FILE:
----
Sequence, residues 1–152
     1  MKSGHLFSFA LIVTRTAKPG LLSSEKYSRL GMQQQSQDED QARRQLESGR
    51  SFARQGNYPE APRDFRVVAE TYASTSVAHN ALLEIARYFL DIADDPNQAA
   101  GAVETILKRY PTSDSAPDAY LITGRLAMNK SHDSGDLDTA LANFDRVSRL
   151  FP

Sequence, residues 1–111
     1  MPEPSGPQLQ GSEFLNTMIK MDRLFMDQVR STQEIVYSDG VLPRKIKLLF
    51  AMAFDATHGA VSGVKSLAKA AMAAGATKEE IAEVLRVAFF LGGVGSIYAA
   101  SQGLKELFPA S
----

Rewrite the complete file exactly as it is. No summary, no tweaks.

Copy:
Sequence, residues 1–152
     1  MKSGHLFSFA LIVTRTAKPG LLSSEKYSRL GMQQQSQDED QARRQLESGR
    51  SFARQGNYPE APRDFRVVAE TYASTSVAHN ALLEIARYFL DIADDPNQAA
   101  GAVETILKRY PTSDSAPDAY LITGRLAMNK SHDSGDLDTA LANFDRVSRL
   151  FP

Sequence, residues 1–111
     1  MPEPSGPQLQ GSEFLNTMIK MDRLFMDQVR STQEIVYSDG VLPRKIKLLF
    51  AMAFDATHGA VSGVKSLAKA AMAAGATKEE IAEVLRVAFF LGGVGSIYAA
   101  SQGLKELFPA S